On Sunday, Saudi Crown Prince Mohammed bin Salman further called for the world to take a “decisive stand” over the attacks while claiming the kingdom doesn’t seek war in the region. Yet MbS, as he is known, is seen across the globe as a highly dubious figure, especially in the aftermath of the grisly abduction and murder of Jamal Khashoggi and the bloody war on Yemen.
The broad skepticism confronting Washington’s accusations, which come amid the Trump administration’s “maximum pressure” policy against Tehran, hint at a major impasse for the U.S. regarding its compromised credibility on the world stage.
On Friday, author and analyst Vijay Prashad told Democracy Now:
“It’s important for Americans to understand that the U.S. government is deeply isolated on this issue of Iran and on the way that the U.S. government portrays Iran. In the rest of the world, Iran is seen as a stabilizing force in that region. For some strange reason, the U.S. government believes that Iran is an interloper.
In other words, there are almost 80 million Iranians who live in West Asia, and they somehow are seen to be out of place, whereas the United States … portrays itself as a regional actor. This is very bizarre for people around the world. And I think Americans need to understand that.”
But it’s worth recalling that the U.S. also faced widespread opposition and skepticism in 2003 over its pre-war accusations that then-Iraqi President Saddam Hussein enjoyed close ties to al-Qaeda and possessed weapons of mass destruction. In the end, none of that amounted to much in terms of dissuading the White House and the Pentagon from launching a military adventure that ultimately proved to be a debacle for all parties involved.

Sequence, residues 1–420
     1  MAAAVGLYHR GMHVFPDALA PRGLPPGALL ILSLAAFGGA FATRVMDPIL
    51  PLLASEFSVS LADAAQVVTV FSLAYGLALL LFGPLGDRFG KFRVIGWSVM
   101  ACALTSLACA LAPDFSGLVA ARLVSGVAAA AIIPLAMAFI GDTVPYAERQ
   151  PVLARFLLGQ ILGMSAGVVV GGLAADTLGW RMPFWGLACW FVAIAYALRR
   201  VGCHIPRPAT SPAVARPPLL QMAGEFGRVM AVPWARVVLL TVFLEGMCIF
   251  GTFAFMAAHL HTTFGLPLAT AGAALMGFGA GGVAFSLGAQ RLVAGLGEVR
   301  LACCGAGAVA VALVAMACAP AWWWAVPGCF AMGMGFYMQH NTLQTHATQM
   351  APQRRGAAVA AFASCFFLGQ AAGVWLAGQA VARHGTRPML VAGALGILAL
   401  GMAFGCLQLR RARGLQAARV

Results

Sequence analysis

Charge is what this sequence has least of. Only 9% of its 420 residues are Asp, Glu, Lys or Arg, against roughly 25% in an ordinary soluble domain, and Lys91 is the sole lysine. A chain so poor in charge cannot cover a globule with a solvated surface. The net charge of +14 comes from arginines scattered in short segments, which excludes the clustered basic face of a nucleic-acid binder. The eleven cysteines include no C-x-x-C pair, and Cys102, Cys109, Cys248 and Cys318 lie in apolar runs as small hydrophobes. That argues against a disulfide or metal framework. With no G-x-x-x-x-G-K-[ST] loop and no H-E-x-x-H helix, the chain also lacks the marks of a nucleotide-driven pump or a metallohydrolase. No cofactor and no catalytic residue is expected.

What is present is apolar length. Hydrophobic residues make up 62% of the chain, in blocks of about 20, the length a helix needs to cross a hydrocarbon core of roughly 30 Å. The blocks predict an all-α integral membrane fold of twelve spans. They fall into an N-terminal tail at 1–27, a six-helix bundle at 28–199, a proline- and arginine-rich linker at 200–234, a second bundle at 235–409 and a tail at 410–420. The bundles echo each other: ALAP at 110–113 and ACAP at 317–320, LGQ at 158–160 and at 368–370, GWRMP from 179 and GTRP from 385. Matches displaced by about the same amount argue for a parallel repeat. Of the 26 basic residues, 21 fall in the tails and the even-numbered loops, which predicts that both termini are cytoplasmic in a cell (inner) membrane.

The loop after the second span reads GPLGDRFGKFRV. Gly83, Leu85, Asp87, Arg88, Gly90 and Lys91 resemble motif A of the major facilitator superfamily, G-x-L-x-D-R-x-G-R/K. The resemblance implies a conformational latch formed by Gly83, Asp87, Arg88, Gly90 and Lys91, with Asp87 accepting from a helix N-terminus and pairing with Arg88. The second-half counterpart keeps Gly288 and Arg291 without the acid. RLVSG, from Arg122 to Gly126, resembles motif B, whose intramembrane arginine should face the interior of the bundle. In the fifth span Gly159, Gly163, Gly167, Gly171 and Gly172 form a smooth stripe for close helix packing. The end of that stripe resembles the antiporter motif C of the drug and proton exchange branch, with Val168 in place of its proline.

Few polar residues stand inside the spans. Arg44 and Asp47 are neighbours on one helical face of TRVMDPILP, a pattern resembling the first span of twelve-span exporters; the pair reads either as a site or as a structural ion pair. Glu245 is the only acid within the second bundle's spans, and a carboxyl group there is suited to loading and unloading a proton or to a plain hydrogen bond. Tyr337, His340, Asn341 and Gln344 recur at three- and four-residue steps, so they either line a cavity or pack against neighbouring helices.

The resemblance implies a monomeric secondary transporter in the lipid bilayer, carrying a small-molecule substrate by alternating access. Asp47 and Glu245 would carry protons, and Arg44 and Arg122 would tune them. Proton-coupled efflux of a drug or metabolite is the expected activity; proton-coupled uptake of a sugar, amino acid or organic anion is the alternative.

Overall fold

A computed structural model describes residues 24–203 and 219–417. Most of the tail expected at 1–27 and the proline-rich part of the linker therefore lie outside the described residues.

And if some reports are to be believed, the U.S. may be considering waging a limited armed conflict against Iran in the coming days.
According to Israeli newspaper Maariv, anonymous diplomatic sources at the U.N. building in New York claim that the U.S. is planning on launching “massive” tactical strikes on an Iranian facility linked to its nuclear program. The sources claim that while President Trump himself is far from enthusiastic about such an option, he’s largely grown impatient about the matter and willing to give hardline Secretary Pompeo a free hand to do as he wants.
The report, which is completely unverifiable, comes as Iran has signaled that it will break from the multilateral nuclear agreement signed in 2015—which Trump already comprehensively shredded last year—and will enrich uranium at much higher levels than previously agreed.
Whether Washington is seriously considering an attack on Iran or whether this is more bluffing and psychological warfare remains to be seen.
However, we can say with great certainty that the United States, and the world, will incur huge costs in the event of any ill-considered wager on launching a war with Iran, be it “tactical” or “strategic.”
While the U.S. can no longer win wars—as it has shown in Iraq and Afghanistan—it still maintains the unrivaled capability to unleash destruction on a massive scale.